Though most investors believe that equities will, over time, outperform fixed-income investments, they still fear the stock market. They worry that they, or their mutual fund, will pick the wrong stocks. Exchange-traded funds, or ETFs, can help you overcome this fear, and let you build a conservative investment portfolio.
Exchange-traded funds, or ETFs, are trusts comprising the stocks of some stock-market index, in the same proportion as they appear there. For example, iShares S&P/TSX 60 Index ETF invests in stocks in the same proportions as they appear in the S&P/TSX 60 Index, which is comprised of 60 major large-cap Canadian stocks. But ETFs differ from index mutual funds in a couple of ways. First, as the name implies, ETFs trade on a stock exchange in the same manner as shares of listed companies.
That means daily buying and selling of these shares won’t affect the portfolio of the underlying funds. When you invest in a mutual fund, the manager must put your money to work. And when you redeem, the manager must raise enough cash to redeem your units. But in the case of ETFs, you buy from and sell to other investors.
The only money moving into and out of the actual underlying ETF portfolio involves large blocks of stocks called creation and redemption units. This feature serves to keep the market valuations of ETF shares close to their net asset values. That makes them different from closed-end investment trusts, many of which trade at substantial discounts to their net asset values.
ETFs have a cost advantage
A key advantage of exchange-traded funds is that the mechanical and computerized nature of their portfolios gives them a significant cost advantage over fully-managed mutual funds and even over index mutual funds. The latter must, for example, deal constantly with relatively small amounts of money. What’s more, ETFs have little customer-service requirements, and tracking the issue and redemption of shares is a minor task occurring as it does in creation and redemption units only.
The result is low management expense ratios, or MERs. In the case of a broadly-based market index like the S&P/TSX Composite Index, for instance, the MER of the iShares ETF that tracks this index is just 0.05 per cent. That compares quite favorably to an MER of 0.88 per cent for TD Canadian Index, a mutual fund that tracks the same index. What’s more, the median MER of managed Canadian equity funds is 2.46 per cent.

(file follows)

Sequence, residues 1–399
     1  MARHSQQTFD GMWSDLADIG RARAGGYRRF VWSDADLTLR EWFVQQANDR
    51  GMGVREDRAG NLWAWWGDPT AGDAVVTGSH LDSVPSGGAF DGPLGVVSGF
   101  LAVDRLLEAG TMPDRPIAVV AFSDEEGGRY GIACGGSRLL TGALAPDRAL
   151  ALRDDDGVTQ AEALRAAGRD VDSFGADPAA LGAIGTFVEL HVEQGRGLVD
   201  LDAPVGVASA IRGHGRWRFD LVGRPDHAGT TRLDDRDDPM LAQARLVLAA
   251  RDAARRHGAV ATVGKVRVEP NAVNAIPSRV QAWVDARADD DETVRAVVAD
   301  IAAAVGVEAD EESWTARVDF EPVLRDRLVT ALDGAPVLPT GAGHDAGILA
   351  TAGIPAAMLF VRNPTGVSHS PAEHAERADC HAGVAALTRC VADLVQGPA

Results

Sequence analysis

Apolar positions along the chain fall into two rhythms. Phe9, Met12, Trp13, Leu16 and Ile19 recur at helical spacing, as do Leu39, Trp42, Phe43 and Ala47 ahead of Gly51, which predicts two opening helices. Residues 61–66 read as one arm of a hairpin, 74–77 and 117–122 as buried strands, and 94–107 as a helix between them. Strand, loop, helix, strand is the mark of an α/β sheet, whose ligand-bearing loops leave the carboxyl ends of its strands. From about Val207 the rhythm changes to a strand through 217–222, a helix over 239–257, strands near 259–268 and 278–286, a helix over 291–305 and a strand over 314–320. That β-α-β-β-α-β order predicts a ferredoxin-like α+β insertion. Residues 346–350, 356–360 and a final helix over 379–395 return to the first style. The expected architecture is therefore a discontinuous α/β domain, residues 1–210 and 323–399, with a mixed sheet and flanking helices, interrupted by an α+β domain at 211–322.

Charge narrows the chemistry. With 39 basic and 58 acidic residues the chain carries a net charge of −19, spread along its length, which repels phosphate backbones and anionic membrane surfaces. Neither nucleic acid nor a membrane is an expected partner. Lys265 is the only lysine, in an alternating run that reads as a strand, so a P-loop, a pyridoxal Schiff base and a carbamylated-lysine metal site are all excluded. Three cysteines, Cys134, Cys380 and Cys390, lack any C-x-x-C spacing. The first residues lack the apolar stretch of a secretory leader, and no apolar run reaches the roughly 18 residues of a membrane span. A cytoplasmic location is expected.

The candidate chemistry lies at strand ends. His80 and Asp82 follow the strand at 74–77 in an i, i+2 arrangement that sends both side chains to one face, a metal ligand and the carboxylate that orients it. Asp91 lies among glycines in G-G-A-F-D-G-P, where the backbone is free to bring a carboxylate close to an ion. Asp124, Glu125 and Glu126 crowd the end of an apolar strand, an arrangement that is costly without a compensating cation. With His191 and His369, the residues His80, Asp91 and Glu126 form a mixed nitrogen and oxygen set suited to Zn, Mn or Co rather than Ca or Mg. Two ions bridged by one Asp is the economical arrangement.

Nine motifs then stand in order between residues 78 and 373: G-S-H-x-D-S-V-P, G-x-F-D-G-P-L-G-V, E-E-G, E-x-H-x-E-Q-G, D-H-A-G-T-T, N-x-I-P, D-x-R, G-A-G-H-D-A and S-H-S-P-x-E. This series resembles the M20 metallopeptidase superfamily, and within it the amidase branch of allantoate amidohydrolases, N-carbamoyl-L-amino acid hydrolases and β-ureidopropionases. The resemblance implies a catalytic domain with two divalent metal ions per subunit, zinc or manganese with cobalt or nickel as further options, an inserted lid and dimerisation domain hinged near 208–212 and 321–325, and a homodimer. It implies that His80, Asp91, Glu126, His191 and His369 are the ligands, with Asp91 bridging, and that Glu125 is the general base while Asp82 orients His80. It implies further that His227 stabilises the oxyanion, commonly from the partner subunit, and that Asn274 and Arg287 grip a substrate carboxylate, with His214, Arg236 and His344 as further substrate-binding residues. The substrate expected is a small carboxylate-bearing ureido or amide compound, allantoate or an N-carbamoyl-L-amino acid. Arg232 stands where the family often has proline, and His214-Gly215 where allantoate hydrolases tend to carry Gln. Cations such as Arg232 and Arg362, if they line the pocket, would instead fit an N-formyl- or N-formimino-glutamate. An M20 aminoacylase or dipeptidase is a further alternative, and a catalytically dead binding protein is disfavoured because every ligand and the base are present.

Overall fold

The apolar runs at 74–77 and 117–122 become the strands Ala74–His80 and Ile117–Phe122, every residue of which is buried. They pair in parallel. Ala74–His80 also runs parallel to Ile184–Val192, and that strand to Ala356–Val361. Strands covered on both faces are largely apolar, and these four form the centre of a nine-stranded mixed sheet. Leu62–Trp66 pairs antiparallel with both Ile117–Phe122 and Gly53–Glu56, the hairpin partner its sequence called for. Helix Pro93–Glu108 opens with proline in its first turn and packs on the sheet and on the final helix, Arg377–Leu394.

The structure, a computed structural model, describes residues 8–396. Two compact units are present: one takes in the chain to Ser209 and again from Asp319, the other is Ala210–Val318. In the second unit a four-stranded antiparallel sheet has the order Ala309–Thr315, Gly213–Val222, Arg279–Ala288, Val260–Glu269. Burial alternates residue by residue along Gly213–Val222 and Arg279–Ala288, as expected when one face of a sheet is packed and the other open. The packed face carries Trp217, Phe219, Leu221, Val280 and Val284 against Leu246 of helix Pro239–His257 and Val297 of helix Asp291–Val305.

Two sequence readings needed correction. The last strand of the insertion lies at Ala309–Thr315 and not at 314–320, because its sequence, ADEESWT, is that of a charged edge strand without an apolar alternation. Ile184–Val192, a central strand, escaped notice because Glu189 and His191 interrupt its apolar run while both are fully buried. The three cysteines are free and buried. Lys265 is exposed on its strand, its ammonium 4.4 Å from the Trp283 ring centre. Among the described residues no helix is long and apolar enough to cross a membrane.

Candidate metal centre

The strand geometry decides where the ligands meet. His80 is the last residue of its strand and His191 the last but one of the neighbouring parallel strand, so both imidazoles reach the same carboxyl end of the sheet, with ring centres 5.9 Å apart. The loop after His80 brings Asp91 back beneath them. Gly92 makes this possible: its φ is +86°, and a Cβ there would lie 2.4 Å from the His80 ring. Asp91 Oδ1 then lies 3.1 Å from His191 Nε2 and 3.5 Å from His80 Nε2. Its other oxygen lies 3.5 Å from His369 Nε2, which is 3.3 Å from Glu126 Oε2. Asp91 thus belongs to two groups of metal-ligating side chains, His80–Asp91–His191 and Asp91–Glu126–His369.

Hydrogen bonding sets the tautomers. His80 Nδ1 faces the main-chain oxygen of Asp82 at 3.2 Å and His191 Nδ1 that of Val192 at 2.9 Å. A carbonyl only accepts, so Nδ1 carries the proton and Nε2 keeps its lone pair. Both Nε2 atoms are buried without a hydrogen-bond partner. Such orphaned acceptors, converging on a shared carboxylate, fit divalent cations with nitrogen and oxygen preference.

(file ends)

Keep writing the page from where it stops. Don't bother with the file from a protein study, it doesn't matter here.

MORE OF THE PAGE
This capacity to keep costs low, along with the relatively poor performance of many managed funds, has led some observers to argue that ETFs are superior to managed funds. We don’t think the situation is that clear cut, but it’s true that just 43 of 177 Canadian equity funds outperformed the iShares S&P/TSX Capped Composite Index ETF over the past 10 years.
ETFs are more tax efficient
Another benefit of ETFs is their tax efficiency. Their creation and redemption structure eliminates the effect of shareholder trading on capital gains distributions. What’s more, they only buy and sell when stocks are added to or removed from the index. Managed funds, by contrast, tend to buy and sell more — some of them, a lot more. The low turnover of ETFs, then, not only keeps expenses down, but it minimizes the capital gains distributions you’ll receive from year to year.
ETFs also provide greater transparency than managed funds. That’s because they disclose their exact holdings on a daily basis, while managed funds do so less frequently.
ETFs also give you instant diversification. However, since ETFs are passive investments, their portfolios can become heavily tilted to certain sectors. That’s true of those that track the Canadian stock market, which is heavily weighted with financial and resource stocks.
Money Reporter, MPL Communications Inc.
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